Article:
Chop and measure all ingredients before assembling. In a glass or other non-reactive bowl, mix all ingredients together and refrigerate before use.

For chicken (legs) and turkey: Remove skin from chicken and cut slashes on both sides. Rub marinade into meat, making sure the marinade enters the slashes. Marinate for at least four hours, no more than 12 hours. 

For lamb. pork and beef: Trim off excess fat around meat, leaving  1/4 inch of fat on the meat. cut deep slashes into meat and rub marinade in. Marinate for at least six hours, no more than 12 hours.

For  skinless chicken breasts: Follow directions for chicken legs and marinate no more than 3 or 4 hours maximum.

If using a Foreman-style grill: Preheat grill and place meat on grill, making sure not to crowd grill and cook according to the recommendations for your grill make and model.

Outdoor grill (gas ): Prepare grill to cook over indirect heat. Spray grill grates not over heat with cooking spray. Preheat grill with top closed. Drizzle meat with a bit of olive oil and cook  meat over indirect heat, turning only once or twice  until you’ve achieved desired doneness.

Charcoal grill: Prepare grill for indirect cooking method. When coals ash over, place grill grate over coals, spray grate surface not over heat with cooking spray. Cover grill until hot, then place meat on sprayed grill surface. and grill, turning once or twice until you’ve achieved desired doneness.

Oven: Preheat oven to 375 degrees. Spray a cookie sheet with cooking spray. Place chicken on cookie sheet and drizzle  lightly with olive oil. Cook in oven for 30 minutes, then check for doneness. Cook longer if necessary.

Note: You can purchase Tandoori seasoning  in your grocer’s spice section or online.

In Search of Fresh Fish

30 Apr

Lately, I have had a strong craving for fresh fish. You know the type of craving I mean; the type of deep, down need for a particular taste or smell that not even a facsimile thereof can satisfy. In other words, canned tuna and salmon ain’t cutting it any more. I wanted something grilled or pan-seared that came from something that looked like it lived in water at some point. My problem is simple: I am so picky when it comes to fish that I just stopped buying it.

So, why did I stop buying fish?  Everywhere I went to go buy salmon, tuna, trout or flounder I would see these words: Previously Frozen.

Sigh.

My experience has shown me that some fish fare better frozen than others. Domestic IQF catfish is an example of how well fish can be frozen if handled and stored responsibly. I can’t recall the last time I’ve seen fresh shrimp in the seafood case. Even tuna does well if frozen on the boat.  I have an issue with thawing fish to sell as fresh with the words “previously frozen” in small lettering on the advertisement.  Why is the availability of fresh fish so scarce these days?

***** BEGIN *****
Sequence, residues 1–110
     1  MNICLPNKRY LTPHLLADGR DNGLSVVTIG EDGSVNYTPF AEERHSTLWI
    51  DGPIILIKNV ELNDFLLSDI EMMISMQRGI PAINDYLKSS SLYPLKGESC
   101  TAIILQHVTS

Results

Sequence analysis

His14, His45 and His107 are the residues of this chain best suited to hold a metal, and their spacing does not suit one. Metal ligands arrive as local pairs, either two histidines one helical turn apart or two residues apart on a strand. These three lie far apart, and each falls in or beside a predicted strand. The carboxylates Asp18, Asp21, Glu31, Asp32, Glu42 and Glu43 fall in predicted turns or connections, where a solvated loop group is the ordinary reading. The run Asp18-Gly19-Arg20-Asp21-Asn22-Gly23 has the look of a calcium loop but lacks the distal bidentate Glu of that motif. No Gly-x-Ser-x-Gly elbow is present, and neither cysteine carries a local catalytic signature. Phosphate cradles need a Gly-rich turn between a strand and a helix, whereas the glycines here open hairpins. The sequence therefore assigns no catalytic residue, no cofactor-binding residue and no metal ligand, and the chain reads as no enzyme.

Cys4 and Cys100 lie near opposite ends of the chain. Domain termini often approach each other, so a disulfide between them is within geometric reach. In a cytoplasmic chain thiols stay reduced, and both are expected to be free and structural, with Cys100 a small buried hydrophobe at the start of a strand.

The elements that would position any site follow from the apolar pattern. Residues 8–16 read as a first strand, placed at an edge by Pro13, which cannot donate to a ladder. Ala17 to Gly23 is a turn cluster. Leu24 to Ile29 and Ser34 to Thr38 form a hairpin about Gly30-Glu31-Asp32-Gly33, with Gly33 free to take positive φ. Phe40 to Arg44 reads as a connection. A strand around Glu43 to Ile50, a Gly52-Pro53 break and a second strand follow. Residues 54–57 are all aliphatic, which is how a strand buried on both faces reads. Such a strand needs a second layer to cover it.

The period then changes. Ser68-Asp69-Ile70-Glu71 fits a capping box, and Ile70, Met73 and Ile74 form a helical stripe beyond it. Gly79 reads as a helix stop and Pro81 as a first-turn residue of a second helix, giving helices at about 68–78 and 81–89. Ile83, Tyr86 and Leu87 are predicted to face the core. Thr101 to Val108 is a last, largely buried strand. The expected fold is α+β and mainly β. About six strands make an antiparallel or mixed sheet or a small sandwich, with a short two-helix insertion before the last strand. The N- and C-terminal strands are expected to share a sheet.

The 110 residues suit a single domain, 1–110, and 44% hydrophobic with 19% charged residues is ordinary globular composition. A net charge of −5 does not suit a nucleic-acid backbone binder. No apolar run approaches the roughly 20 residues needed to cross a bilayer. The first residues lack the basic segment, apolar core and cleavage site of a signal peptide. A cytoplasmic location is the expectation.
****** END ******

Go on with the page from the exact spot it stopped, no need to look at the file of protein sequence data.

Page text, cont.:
So, my quest for fresh fish drove me to Whole Foods. Admittedly; it was my first time in the uber-organic haven, so I was a bit mystified and exited to see so many organic offerings in one setting.  Side note: There was two kids begging their mom for rice cakes. Yeah, times have changed.  It was a huge culture shock for me, but I digress.

I arrived at the fresh fish counter and it was like I had died and gone to heaven. I knew I was going to void my wallet of anything resembling money.  I bought trout fillets, two pieces of bright red tuna loin steaks, a pound of certified Atlantic Salmon and turbot. I was just giddy with excitement at all of the possibilities. I was going to have a fish orgy. Mmmmm!

When I arrived home and unpacked my goodies, I became aware that the certified Atlantic salmon and the turbot was previously frozen. There it was, as plain as day on the label. I was bamboozled and hornswoggled! I fell for the okey-doke. I was so enamored with the sights and smells of  a gourmand’s paradise that I completely forgot to scrutinize the labels before I bought my fish. I scolded myself and cooked a piece of the salmon. It was really good, and not rubbery like all of the frozen salmon I’d bought countless times before my self-imposed fish embargo.  When I tried the turbot however, I was disappointed because it was mushy after I cooked it. The turbot proved to be the perfect example of how fish can be corrupted by freezing: typically, the flesh of turbot is way too delicate to be frozen. The tuna and the trout were both great and I learned a lesson:

Trust, but verify.

Thanks to antiagingtreatments.blogspot.com for the grilled fish photo

Rigatoni with Chard, Tomatoes and Garlic

22 Feb

Last week, I ventured out and went to the store for the first time in weeks and bought some chard with the intention of posting it for the blog. Then this great lady beat me to the punch.  If you haven’t stopped by the blog Dianne’s Dishes, you should.  She puts up recipes for everything from soup to nuts five days a week, and does a great job of doing so.  I ribbed her about it, then I tried her recipe with one half of the chard ( which was quite dee-lish), and sat on the other half and pondered what I would do with the other half. This is what I came up with.

For those who aren’t familiar with chard, it is a leafy vegetable that comes in several varieties. When eaten young, ti can be used raw in salads.  Mature chard can be sauteed, roasted or used in sauces or soups. When cooked, its texture is a bit heartier than spinach, and is slightly more assertive in flavor.

Rigatoni with Swiss Chard, Tomatoes and Garlic (serves two to four)